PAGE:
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Then this January, a devastating memo from Byron Boshell, captain of the police department's laboratory-services division, thudded onto Berry's desk. It filled four three-ring binders and noted reversals and reprimands the courts had handed Gilchrist, as well as the issues the professional journals had taken with her work. Under her supervision, it said, evidence was missing in cases in which new trials had been granted or were under review; and rape evidence had been destroyed after two years, long before the statute of limitations had expired. Gilchrist explained last week that she always followed established procedures with evidence and that the memo was simply the department's way of getting rid of her after she reported the sexual harassment of a colleague. "There is no doubt this [memo] is retaliation," says Gilchrist.
How did her career last this long? "She couldn't have got away with this if she weren't supported by prosecutors, ignored by judges and police who did nothing," says Wilson, who filed the original complaint against her 14 years ago. "The police department was asleep at the switch." The D.A.'s office simply says Gilchrist should not be tried in the media. But one prosecutor, who declined to be named, lays blame on the aggressive tactics of D.A. Bob Macy, who's proud to have sent more people to death row than any other active D.A. in the country.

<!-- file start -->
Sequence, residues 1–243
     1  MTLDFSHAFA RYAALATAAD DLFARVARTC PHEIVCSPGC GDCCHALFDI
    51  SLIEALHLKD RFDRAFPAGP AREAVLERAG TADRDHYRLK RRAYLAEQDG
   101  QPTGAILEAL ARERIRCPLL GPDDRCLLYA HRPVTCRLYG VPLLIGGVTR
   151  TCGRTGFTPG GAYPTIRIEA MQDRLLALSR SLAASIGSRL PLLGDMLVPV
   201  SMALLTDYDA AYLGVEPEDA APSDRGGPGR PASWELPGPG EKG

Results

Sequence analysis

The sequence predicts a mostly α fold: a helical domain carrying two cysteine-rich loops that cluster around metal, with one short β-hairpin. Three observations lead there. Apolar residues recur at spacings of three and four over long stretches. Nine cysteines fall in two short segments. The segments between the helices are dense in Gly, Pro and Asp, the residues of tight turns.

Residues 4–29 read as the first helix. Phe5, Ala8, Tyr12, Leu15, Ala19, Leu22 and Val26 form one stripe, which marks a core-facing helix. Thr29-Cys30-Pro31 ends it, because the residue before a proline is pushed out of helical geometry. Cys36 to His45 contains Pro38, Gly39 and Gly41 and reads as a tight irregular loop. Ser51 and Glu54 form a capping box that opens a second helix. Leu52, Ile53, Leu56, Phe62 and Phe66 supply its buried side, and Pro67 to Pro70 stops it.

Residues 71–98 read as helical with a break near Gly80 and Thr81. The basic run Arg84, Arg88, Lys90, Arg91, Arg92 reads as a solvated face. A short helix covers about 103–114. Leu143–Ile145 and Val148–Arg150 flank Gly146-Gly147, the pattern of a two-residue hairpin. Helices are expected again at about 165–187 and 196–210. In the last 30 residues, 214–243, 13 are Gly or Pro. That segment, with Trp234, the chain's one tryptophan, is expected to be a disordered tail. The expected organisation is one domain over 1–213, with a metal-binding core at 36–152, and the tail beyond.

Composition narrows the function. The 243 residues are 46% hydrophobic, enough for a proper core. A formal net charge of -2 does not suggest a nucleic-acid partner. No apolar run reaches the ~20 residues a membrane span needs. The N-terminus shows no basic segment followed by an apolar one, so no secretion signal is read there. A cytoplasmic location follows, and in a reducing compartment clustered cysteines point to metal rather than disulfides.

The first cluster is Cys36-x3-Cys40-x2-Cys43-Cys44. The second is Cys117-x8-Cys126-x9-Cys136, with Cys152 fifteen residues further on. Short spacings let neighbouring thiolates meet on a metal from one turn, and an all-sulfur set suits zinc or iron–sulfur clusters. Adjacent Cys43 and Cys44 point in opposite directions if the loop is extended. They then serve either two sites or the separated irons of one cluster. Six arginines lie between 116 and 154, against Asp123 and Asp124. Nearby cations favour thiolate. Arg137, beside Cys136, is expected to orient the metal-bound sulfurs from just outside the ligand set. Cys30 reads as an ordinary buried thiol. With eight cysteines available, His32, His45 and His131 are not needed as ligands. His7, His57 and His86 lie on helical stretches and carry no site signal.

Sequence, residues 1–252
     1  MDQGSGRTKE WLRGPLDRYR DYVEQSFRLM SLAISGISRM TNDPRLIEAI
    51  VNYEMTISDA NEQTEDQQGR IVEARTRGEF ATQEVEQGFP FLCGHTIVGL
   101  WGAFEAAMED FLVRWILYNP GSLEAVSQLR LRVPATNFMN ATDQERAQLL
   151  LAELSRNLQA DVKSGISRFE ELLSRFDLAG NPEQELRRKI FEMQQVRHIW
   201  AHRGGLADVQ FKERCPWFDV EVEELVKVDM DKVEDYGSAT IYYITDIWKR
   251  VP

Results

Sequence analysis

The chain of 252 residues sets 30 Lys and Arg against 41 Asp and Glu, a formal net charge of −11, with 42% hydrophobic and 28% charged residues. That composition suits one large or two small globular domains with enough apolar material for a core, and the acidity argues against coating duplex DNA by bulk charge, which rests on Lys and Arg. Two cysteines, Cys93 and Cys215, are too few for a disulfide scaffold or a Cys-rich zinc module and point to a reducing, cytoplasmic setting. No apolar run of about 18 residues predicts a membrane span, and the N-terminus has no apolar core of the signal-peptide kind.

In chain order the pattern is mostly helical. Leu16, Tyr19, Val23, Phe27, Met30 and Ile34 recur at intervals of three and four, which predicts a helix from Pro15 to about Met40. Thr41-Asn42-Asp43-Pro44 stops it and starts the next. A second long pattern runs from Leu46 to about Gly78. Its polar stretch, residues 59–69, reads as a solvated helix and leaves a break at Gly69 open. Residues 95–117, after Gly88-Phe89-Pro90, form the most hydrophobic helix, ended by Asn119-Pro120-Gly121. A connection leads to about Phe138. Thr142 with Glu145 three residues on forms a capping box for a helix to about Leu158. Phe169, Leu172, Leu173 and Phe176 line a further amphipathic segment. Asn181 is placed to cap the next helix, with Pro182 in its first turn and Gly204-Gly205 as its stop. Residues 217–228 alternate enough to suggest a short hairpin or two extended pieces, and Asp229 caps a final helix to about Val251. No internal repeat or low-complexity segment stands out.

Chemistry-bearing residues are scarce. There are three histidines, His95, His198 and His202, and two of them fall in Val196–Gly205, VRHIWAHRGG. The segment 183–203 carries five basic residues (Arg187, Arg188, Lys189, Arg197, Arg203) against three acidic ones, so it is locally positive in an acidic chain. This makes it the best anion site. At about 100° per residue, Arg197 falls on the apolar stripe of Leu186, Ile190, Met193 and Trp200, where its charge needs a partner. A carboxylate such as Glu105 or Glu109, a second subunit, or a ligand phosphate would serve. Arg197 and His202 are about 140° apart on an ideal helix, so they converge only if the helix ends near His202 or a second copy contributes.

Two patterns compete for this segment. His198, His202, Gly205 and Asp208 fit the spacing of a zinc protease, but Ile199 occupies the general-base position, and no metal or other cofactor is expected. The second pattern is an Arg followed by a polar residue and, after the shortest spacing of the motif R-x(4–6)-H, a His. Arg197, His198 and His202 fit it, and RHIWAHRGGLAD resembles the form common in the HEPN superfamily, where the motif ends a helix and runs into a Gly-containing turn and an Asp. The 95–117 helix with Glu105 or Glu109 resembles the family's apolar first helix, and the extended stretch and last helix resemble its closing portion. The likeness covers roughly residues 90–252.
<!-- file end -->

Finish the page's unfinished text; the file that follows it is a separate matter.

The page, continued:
Which raises a more troubling question. How many other Gilchrists are there? In Oklahoma City, Chief Berry has ordered a wholesale review of the serology/DNA lab. And while Governor Keating insists that no one has been executed who shouldn't have been, Pointer and the local defense-lawyers association plan to re-examine the cases of the 11 executed inmates. "Nobody cares about the dead," he says. "The state is not going to spend money to find out that they executed someone who might have been innocent."